By John Lauritsen


MINNEAPOLIS (WCCO) — When it comes to winter pastimes in Minnesota, we think of ice skating, snowboarding and skiing — but what about log rolling?

The folks at Key Log Rolling spend their summers on lakes and ponds, but when the weather turns cold, they go inside. And each winter more and more people join them.

In this week’s Finding Minnesota, John Lauritsen takes us to St. Paul where one family’s log rolling invention is helping the sport grow nationwide.

“It’s the closest you are going to get to walking on water. It’s like going for a run but it’s in the water,” said Abby Delaney.

Running on the log is what you do when you’re an expert. Baby steps are what you take when you’re just learning, and sometimes, that’s followed by a big splash.

Delaney’s mom is a seven-time world log rolling champion.

“It’s a very unique sport. Kids everywhere love it. So if your mom is a champion in it, why not take advantage of that opportunity as well?” said Delaney.

The sport runs in Delaney’s family. It’s the reason she co-founded Key Log Rolling and the reason she co-invented the Key Log.

Abby and her family use 500-pound cedar logs for competitions, but those aren’t easy to transport. So, with the help of some engineering students, they came up with a log essentially made out of hard plastic that can fit on your car and can be easily hauled into swimming pools.

“It weighs 65 pounds. You put it in the water, you fill it up with water — that gives the weight back to it so you can roll and stay on top of it,” said Delaney. “We developed training fins, which are training wheels for log rolling.”

They’ve sold more than a thousand logs across the country. Members of the Minneapolis Log Rolling Club train on them.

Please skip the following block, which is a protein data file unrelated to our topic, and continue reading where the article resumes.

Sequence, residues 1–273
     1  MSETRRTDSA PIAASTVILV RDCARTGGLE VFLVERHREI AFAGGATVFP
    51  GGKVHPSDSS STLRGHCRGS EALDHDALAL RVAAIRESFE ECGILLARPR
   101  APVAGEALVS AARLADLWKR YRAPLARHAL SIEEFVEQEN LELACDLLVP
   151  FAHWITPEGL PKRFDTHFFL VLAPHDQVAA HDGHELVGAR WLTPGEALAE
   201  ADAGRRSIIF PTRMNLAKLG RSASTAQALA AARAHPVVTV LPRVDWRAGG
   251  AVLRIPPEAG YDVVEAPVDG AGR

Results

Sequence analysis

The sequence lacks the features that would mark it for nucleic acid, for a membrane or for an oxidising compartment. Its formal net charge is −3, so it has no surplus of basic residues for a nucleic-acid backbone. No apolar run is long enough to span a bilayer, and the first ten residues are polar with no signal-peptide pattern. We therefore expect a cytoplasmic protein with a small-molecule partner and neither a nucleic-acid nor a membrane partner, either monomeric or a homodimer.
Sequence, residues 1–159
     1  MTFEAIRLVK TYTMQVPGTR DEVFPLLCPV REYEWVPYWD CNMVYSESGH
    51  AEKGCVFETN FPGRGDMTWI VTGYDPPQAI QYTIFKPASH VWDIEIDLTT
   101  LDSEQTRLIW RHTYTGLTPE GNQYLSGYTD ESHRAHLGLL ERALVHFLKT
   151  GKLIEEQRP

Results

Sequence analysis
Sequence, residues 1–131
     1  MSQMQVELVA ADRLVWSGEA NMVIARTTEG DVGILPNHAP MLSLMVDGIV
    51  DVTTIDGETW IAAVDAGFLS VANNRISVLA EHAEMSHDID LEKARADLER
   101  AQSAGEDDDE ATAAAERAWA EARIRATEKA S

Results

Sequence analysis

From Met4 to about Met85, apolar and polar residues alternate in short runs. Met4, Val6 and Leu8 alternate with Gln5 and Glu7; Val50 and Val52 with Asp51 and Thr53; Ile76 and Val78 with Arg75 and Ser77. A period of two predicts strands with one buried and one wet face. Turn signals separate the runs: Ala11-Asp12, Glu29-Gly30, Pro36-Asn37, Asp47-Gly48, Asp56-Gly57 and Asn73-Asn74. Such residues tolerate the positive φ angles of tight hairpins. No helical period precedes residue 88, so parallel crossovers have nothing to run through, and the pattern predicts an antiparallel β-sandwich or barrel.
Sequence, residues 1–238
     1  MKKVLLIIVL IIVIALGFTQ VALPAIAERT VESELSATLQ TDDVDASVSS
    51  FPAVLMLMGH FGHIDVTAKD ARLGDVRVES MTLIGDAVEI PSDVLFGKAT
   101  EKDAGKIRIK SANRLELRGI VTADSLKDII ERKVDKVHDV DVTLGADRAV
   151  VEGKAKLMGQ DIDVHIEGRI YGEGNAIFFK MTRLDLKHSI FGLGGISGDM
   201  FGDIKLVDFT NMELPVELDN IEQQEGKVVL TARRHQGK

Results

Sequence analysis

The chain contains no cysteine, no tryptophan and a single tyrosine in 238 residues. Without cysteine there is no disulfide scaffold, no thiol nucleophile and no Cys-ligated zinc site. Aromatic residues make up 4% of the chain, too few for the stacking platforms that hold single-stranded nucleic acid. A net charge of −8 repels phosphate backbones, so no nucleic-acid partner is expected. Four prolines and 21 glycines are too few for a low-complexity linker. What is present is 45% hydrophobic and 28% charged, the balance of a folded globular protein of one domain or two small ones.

“People that like yoga; anything that calms your mind. I think log rolling is a great combination of a really good cardio workout and focus,” said Tamara Nascene.

“I think it’s really good for strength and core strength because you have to stay aligned with the log to stay on top,” Eddie Anderson added.

Some of the best log rollers in the world are from Minnesota and Wisconsin, but the sport doesn’t come easy. Core strength, balance, agility and concentration are vital. If you’re off on any of those, you’ll end up in the water. Small, quick steps are key.

But once you learn to just roll with it, it can become addicting.

“I don’t know what it is but there is something about log rolling that really captivates people’s imagination,” said Delaney.

Which is why Abby loves bringing an ancient sport to modern times. Her dream is to see it become an Olympic sport.

“Your heart rate spikes really high as you get on there and you start rolling, but it’s fun,” Delaney said. “We have families that are learning together. It’s really fun to have parents learn a new sport right alongside their kids. Normally, you are teaching your kids a sport. This is something the whole family can learn together.”

Key Log Rolling has started over 500 log rolling programs in 49 states. For more information, visit their website.

John Lauritsen

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